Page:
JOURNAL ARTICLE

Nutritional status of indigenous children at boarding schools in northern Mexico

J Monárrez-Espino, H Martínez, V Martínez, T Greiner
European Journal of Clinical Nutrition 2004, 58 (3): 532-40
14985693

OBJECTIVE: To assess the nutritional status of Tarahumara children at indigenous boarding schools.

DESIGN: Cross-sectional comprehensive nutritional survey.

SETTING: The schools sampled were located in indigenous municipalities of the northern Mexican state of Chihuahua.

SUBJECTS: The study was carried out in 2001 among 331 children aged 6-14 y from a sample of five schools. Anthropometric measurements, a thyroid exam and capillary haemoglobin levels were obtained from the children. Serum concentrations of ferritin, iron, total iron-binding capacity, vitamin B(12), folic acid and zinc were collected from a subsample of 100 children.

RESULTS: The prevalence of wasting and overweight (children 6-9 y) was 1.1 and 4.6%, respectively, and of underweight, risk of overweight and overweight (10-14 y) was 3.2, 5.1 and 0.6%, respectively. Stunting (6-12 y) was present in 22.3% of the children. The total goitre rate was 5.4%. The prevalence of anaemia was 13% (boys 11.4, girls 14.5%). Overall, 24.2% of the children were iron deficient (depletion 11.1%, deficient erythropoiesis 3%, iron deficiency anaemia 10.1%). No child had folic acid values <3 ng/ml, but 20.2% had low (<200 microg/dl) and 27.3% marginal (200-300 microg/dl) vitamin B(12) levels, and 80.2% had low zinc concentrations (<60 microg/dl).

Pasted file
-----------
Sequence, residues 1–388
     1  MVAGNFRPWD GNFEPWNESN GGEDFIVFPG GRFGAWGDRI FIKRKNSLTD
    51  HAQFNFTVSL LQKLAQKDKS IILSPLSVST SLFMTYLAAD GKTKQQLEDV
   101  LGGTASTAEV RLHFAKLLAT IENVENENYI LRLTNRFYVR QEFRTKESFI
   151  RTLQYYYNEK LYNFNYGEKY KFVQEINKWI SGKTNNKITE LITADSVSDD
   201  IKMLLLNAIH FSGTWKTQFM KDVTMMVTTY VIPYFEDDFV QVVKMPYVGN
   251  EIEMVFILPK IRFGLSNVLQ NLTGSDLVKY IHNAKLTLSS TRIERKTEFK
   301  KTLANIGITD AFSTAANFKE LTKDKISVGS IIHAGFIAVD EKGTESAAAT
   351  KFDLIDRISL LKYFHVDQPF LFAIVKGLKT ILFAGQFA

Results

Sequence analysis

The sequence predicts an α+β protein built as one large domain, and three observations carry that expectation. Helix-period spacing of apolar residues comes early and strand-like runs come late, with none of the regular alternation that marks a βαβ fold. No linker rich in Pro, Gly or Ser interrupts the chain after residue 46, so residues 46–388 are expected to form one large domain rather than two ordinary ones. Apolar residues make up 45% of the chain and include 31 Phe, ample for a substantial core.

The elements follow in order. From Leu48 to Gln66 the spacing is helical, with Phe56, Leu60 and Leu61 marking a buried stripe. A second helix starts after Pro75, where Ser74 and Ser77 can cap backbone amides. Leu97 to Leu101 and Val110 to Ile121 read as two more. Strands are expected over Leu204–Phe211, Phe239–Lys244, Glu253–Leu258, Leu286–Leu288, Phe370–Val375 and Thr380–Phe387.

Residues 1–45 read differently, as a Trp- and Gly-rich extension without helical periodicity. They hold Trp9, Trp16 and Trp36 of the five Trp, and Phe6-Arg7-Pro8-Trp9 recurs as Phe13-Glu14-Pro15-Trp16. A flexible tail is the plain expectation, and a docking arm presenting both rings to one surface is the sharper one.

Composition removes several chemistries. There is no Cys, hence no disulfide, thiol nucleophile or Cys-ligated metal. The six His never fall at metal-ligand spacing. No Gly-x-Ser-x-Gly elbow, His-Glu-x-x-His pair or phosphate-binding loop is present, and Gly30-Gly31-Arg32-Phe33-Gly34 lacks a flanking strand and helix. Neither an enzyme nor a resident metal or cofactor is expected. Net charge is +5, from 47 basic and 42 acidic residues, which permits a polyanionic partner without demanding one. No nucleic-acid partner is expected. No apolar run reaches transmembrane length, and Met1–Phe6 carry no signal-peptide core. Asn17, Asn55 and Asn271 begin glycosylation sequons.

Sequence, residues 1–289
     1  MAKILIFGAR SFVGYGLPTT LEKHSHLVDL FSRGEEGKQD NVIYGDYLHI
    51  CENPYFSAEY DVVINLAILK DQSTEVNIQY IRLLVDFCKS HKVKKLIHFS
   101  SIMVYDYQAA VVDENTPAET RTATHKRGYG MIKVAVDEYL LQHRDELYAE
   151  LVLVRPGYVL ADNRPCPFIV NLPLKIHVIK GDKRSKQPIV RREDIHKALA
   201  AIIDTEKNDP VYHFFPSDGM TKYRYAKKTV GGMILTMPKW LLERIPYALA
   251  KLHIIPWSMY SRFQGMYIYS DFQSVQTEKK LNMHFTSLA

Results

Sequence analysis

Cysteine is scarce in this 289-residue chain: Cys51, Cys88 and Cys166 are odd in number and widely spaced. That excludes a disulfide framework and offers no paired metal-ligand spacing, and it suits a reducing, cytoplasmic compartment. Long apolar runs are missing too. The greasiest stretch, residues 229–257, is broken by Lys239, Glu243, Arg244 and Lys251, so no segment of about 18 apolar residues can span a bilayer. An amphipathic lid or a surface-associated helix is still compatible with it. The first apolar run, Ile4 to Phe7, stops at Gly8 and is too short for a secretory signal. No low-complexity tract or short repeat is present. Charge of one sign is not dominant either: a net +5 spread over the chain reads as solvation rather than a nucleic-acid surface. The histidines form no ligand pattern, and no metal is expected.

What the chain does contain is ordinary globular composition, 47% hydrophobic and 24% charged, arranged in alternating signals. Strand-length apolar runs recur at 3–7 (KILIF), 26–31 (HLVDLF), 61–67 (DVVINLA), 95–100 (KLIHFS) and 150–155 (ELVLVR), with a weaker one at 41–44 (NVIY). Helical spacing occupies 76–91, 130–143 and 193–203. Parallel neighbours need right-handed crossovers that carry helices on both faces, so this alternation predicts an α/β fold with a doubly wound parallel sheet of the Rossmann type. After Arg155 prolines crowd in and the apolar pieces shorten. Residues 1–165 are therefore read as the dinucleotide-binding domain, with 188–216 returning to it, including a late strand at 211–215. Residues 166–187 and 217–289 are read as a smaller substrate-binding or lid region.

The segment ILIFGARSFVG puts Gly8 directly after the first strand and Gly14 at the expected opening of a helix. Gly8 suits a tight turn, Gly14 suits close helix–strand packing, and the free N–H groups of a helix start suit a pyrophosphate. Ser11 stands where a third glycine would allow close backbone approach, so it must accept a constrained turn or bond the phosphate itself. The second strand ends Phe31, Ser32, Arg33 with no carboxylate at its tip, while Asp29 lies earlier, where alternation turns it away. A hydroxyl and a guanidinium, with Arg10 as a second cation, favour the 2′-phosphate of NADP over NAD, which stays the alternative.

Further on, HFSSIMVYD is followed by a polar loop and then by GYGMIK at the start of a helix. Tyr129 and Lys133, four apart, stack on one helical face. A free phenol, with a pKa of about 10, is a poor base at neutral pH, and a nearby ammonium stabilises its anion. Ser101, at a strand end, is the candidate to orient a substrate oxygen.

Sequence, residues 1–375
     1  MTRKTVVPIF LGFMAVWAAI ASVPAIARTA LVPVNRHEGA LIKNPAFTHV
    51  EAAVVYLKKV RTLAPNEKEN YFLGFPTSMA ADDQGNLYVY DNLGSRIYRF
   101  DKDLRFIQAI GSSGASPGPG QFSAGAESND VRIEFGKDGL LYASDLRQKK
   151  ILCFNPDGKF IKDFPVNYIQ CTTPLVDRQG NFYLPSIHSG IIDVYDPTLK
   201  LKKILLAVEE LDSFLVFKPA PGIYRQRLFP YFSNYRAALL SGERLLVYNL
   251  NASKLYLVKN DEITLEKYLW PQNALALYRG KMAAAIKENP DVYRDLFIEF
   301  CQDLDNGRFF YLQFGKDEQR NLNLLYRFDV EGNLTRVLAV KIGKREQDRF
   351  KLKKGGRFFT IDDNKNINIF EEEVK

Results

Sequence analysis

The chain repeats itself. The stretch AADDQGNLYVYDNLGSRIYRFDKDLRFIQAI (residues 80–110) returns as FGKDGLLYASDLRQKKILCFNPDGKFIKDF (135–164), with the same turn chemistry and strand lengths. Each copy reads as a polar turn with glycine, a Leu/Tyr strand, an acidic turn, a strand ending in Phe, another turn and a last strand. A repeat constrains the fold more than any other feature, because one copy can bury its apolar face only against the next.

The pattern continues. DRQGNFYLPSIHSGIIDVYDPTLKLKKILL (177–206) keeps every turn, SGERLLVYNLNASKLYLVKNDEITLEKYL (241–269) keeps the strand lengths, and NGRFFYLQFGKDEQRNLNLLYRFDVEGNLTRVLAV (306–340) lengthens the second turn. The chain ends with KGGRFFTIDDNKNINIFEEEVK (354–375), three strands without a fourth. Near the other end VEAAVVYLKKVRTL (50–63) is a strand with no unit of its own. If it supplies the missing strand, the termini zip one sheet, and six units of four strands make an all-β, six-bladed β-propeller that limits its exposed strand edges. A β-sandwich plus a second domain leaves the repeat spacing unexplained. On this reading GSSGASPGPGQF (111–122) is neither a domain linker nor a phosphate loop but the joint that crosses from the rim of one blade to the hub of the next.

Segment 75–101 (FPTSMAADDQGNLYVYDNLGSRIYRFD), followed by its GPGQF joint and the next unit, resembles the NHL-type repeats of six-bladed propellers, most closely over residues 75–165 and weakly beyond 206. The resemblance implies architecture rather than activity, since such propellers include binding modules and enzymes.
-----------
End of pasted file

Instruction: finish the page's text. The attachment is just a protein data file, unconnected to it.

CONCLUSIONS: Nutritional underweight and stunting were similar to those reported in rural localities at the national level, but overweight was less prevalent in children aged 10-14 y. Various micronutrient deficiencies was identified including zinc and vitamin B(12), but the prevalence of iron and folic acid deficiency was lower than expected. These results suggest that Tarahumara children attending boarding schools may be the better-off children from these extremely poor and marginalized areas.

SPONSORSHIP: Swedish Agency for Research Cooperation with Developing Countries and the Mexican Social Security Institute.

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